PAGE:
Book Reviews, Books, Fiction, Reviews

Book Review: Origin by Dan Brown

I’m an avid reader but haven’t done a book review of late on the blog. In my bid to revive this section I’m going to frequently share my thoughts about books I’ve read, both old and new releases. If you’re a reader and looking for honest reviews, please stay tuned.

Today I’m reviewing a book I was most excited to read, Origin by Dan Brown. I’m a big fan of Dan Brown’s books and the Robert Langdon series in particular. Origin is the latest one in this series.

About the book

The tussle about how the world came into existence has kept creationists and atheists at loggerheads for centuries. With this book Dan Brown offers both perspectives logically without favouring either of them. This fictional account takes you to the city of Barcelona, Spain. Billionaire and tech-wizard, Edmond Kirsch, has made a technological breakthrough that will answer the question “Where do we come from?” once and for all and wants to share it with the world.

All hell breaks loose when Robert Langdon, a Harvard professor of symbology, his teacher and dear friend, along with Ambra Vidal, Guggenheim Museum director and future queen of Spain are entrusted with the responsibility of completing his work. Their quest brings them face-to-face with a murderer, takes them to distinguished places of historical importance and introduces them to an extraordinary advancement in the field of Artificial Intelligence.

My thoughts

Dan Brown has a knack of transporting you to a different world with his writing and this book is no exception. His detailed description of the Guggenheim Museum, Casa Mila and La Sagrada Familia makes you visualise and appreciate these architectural marvels. Equally impressive is his way of weaving fiction around a topic that has been discussed for the longest time.

The human and vulnerable side of religious men has been handled delicately and is interesting to read. Science and technology may have grown by leaps and bounds but religion can never be made redundant. Origin attempts to handle this tug of war by reiterating acceptance of modernisation as a possible solution. However, it seems a bit far-fetched and half-baked at times. Also, Robert Langdon uses his eidetic memory to crack difficult codes and passwords which sometimes happens too easily.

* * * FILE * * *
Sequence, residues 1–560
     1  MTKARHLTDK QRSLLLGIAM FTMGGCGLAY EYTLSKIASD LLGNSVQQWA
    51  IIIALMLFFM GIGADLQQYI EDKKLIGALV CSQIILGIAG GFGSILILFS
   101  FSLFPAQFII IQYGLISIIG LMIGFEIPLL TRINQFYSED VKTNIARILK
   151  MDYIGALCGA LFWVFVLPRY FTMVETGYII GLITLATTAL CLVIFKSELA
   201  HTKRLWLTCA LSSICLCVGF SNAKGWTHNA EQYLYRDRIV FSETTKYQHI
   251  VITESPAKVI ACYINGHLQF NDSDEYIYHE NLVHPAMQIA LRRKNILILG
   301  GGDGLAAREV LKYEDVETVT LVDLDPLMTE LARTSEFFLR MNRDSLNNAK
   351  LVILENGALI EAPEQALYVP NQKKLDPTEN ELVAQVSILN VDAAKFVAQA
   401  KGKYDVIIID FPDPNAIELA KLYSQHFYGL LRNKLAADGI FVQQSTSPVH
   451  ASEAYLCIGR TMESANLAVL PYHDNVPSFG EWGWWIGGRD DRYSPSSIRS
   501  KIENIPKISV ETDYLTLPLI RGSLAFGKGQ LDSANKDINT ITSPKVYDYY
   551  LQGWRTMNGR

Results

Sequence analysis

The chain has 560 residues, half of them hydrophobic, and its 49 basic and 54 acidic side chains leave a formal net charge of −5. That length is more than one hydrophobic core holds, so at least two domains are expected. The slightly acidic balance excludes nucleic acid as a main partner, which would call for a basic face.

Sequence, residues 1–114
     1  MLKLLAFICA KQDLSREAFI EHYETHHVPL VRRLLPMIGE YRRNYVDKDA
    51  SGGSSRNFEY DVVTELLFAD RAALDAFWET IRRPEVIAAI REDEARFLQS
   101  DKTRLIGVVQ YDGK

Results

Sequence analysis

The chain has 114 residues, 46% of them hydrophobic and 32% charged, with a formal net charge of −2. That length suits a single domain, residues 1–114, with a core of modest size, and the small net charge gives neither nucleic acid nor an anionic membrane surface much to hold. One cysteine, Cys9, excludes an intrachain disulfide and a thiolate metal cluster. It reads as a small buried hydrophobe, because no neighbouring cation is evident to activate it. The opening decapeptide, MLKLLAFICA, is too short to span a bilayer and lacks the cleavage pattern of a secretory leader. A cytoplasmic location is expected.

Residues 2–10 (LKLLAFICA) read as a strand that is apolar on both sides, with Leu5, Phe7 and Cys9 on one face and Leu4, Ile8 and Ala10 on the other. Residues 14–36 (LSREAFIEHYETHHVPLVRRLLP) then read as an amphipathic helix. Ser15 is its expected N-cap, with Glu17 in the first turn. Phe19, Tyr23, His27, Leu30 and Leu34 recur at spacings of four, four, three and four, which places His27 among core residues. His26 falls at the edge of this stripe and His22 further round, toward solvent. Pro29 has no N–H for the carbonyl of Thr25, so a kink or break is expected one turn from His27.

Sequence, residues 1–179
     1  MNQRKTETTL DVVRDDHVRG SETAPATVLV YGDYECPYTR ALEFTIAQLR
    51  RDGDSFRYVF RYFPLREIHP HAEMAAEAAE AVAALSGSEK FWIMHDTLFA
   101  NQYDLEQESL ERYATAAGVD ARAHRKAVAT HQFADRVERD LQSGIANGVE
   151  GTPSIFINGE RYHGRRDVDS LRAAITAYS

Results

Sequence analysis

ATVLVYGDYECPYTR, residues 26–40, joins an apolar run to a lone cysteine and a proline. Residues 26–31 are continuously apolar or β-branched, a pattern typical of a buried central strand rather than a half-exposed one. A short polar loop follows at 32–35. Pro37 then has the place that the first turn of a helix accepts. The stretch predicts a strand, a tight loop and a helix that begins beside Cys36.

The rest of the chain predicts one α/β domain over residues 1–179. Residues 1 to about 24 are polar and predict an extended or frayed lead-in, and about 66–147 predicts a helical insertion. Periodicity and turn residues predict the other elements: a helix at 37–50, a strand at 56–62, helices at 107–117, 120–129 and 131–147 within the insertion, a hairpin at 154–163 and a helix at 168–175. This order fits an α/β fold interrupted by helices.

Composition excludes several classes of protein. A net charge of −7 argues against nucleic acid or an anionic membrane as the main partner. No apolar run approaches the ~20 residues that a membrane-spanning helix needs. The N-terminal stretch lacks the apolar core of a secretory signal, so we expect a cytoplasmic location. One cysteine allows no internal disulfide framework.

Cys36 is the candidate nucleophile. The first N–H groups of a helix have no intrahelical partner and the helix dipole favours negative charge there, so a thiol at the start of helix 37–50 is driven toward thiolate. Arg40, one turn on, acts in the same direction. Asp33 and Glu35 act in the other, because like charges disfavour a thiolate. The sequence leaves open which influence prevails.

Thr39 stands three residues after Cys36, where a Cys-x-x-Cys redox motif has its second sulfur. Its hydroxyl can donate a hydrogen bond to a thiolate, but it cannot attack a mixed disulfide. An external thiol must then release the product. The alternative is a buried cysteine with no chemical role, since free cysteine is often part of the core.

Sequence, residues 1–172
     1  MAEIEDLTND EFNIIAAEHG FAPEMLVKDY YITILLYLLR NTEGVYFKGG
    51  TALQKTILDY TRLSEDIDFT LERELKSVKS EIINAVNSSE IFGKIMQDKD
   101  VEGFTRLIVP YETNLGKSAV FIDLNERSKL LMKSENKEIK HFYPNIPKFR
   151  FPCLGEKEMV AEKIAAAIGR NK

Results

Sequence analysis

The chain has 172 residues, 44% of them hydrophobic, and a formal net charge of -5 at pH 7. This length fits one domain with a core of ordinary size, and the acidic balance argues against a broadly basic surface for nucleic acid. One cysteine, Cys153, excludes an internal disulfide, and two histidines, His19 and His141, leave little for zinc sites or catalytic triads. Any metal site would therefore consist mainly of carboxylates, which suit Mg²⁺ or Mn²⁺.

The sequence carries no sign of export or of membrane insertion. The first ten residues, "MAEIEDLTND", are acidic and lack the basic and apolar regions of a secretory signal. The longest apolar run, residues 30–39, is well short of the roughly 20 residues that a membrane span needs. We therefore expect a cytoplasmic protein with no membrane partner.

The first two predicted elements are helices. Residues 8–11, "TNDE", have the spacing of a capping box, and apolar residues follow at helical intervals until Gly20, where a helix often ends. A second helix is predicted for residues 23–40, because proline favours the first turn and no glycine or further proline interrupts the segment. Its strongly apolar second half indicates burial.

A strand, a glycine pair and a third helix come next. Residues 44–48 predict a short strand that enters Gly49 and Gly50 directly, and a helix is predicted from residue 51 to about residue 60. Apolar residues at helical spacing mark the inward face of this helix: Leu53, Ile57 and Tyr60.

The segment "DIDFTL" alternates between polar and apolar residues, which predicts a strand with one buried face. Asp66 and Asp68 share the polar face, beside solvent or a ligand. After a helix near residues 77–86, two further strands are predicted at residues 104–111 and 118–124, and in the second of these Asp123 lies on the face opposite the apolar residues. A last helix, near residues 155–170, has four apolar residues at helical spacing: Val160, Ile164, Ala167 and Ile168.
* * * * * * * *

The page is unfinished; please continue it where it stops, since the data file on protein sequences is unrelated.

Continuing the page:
In totality though, Origin leaves you with a lot to ponder long after you’ve turned the last page. This might not be the best book in the series but is definitely worth a read.

My rating: *** 3/5 stars

About the author

Dan Brown is the author of the highly popular The Da Vinci Code and has bestsellers like Angels & Demons, The Lost Symbol and Inferno to his credit. Deception Point and Digital Fortress are his other internationally acclaimed stand-along thrillers.

Book details:

Language: English

Genre: Fiction

Pages: 456

Available in: Kindle, Paperback, Hardcover

12 thoughts on “Book Review: Origin by Dan Brown

  1. You echoed my thoughts Varsha! I too gave it the same rating on Goodreads- entertaining yet falls short on few accounts.

  2. Thanks for an engaging review. I also like reading Dan brown and enjoyed reading this one too. Loved the end especially.

  3. I have read Dan’s The Da Vinci Code. I have The Lost Symbol in my book shelf and Origin on my Kindle. Your review is compelling me to pick it up soon. Thanks for your recommendation, Varsha!

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